Back in the 1960s, the line between TV and movie stars was never more clearly defined, with actors from television seldom being able to make it on the big screen while film actors turned their noses up at the small screen. Don Knotts, however, was an exception, not only dreaming of movie stardom, but actually achieving it. In some ways, that's pretty surprising when you consider just how successful he was as Deputy Sheriff Barney Fife on The Andy Griffith Show. He played the character with the understanding that series star Andy Griffith only intended to stay with it for five years, giving himself a deadline of sorts by which he needed to parlay that show's success into something bigger. Andy ended up changing his mind because of financial incentives thrown his way, while Don didn't, having been offered a five-film deal with Univeral. He chose to leave the show, making a handful of appearances as Barney over the Andy Griffith's final three seasons and one in the spin-off series, Mayberry R.F.D. For him, it would turn out to be the right decision.
(Photo Credit: MGM)
Don was certainly no stranger to film. He had made his movie debut in 1958's No Time For Sergeants, a film version of the Broadway stage play he had starred in alongside Andy Griffith, which is where the two of them established a life-long friendship. Two years later, he had a supporting role in the World War II comedy Wake Me When It's Over, which starred Ernic Kovacs and Dick Shawn; followed by another one in 1961, The Last Time I Saw Archie, starring Robert Mitchum and Jack Webb (Dragnet). In 1963, he joined what seemed to be every other Hollywood actor in the wild comedy It's a Mad, Mad, Mad, Mad World (his role, not surprisingly, being "Nervous Driver"), and in that same year was a shoe clerk in the Doris Day and James Garner comedy Move Over, Darling. He finally had a shot at a starring role in 1964's The Incredible Mr. Limpet.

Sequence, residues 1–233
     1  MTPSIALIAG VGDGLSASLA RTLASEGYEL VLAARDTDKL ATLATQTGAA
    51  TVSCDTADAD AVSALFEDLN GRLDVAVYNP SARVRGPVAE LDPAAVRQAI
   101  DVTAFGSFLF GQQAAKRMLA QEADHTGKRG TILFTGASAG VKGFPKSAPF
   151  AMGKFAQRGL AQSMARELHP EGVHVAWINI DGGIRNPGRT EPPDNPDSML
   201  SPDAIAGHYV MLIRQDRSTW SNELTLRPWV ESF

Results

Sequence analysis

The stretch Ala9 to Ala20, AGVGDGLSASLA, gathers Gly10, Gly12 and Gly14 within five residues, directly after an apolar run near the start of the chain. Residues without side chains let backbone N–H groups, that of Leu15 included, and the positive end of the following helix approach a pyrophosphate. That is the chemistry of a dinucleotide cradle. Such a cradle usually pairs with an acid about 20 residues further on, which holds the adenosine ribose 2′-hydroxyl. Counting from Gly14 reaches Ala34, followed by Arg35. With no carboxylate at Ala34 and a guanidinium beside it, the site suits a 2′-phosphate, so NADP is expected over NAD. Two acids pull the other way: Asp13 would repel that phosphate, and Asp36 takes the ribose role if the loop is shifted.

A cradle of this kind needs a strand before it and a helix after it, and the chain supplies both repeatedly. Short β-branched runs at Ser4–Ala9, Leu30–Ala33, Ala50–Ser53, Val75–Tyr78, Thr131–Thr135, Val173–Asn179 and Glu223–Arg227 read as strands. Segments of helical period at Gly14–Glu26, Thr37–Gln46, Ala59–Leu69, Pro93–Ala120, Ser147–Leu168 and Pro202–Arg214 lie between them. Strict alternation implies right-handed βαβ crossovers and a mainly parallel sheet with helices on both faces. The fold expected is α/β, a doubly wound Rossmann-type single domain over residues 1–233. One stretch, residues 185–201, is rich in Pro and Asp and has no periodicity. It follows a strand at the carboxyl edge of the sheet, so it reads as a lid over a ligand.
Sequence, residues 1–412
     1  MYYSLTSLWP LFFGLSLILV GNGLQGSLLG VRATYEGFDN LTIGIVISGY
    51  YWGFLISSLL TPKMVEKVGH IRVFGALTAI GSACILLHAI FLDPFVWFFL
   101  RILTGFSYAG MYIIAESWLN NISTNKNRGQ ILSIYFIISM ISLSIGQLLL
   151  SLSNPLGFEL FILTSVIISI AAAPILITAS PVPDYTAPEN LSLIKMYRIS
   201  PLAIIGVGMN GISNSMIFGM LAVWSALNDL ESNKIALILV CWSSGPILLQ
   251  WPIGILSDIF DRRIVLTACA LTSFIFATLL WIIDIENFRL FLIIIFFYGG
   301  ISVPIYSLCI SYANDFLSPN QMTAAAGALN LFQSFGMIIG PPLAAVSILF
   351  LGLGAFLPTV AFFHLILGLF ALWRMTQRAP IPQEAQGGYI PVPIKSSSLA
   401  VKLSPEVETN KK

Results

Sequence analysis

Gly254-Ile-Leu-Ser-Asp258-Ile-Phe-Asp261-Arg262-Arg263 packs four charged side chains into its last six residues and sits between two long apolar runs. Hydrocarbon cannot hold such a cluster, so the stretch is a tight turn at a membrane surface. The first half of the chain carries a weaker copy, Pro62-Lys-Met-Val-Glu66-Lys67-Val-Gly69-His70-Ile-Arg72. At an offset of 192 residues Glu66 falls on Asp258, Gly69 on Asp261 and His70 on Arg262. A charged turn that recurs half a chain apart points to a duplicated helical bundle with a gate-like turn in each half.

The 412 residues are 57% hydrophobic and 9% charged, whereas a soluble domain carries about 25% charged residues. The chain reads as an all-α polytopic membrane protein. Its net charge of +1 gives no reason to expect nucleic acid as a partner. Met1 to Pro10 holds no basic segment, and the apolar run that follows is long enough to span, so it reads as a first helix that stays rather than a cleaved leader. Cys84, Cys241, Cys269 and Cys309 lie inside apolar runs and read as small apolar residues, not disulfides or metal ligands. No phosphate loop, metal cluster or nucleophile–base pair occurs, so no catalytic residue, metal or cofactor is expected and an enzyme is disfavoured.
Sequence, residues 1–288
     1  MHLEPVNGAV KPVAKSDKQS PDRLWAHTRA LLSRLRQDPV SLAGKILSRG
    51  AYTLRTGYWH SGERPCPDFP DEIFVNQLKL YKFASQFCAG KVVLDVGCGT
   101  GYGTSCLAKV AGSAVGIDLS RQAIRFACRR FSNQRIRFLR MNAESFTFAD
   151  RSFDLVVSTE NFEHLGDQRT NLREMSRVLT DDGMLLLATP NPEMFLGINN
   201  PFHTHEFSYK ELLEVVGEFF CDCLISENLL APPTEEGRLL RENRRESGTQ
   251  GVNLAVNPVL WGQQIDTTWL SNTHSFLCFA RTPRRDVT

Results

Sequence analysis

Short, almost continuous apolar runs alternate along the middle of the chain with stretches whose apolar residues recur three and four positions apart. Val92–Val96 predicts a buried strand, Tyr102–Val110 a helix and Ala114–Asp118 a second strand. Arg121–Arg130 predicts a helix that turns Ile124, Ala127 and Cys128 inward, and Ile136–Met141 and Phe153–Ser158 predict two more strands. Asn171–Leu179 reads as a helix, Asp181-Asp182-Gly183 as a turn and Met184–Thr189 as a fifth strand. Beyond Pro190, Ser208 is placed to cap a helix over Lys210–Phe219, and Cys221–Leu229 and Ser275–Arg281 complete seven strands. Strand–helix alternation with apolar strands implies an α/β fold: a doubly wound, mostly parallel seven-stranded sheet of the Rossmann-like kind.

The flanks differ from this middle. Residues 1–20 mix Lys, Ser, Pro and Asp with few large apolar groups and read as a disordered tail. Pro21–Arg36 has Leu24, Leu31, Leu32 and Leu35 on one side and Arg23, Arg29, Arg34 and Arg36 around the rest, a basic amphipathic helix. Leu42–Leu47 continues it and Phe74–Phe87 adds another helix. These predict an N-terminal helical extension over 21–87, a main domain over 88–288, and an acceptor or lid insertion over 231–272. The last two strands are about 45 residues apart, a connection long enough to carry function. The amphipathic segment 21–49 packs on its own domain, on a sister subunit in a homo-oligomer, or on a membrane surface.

Recently, as part of our Classic TV coverage, we had spoken to Don's daughter, Karen Knotts, about her dad's life and career. His films were only touched upon briefly, so we've followed up with Karen to take a more in-depth look at his movie career (with some stopovers at his famous TV roles as well). A comedian in her own right, Karen stars in a one-woman show that looks at her life and her relationship with her father. Called Tied Up in Knotts, she has a number of upcoming tour dates and it's highly recommended you catch the show if you want to gain a better understanding of who Don Knotts really was. For much more, check out her official website.
"Movies were everything back then," says Karen. "Now, of course, that's kind of gotten reversed. In those days, television was still kind of new, and it was much tougher to go from TV to movies and when you did, it was a big deal. They categorized people back then more than they do now."
Maybe so, but nobody puts Don in the corner! Below, a breakdown of his best roles, as told by his daughter, Karen.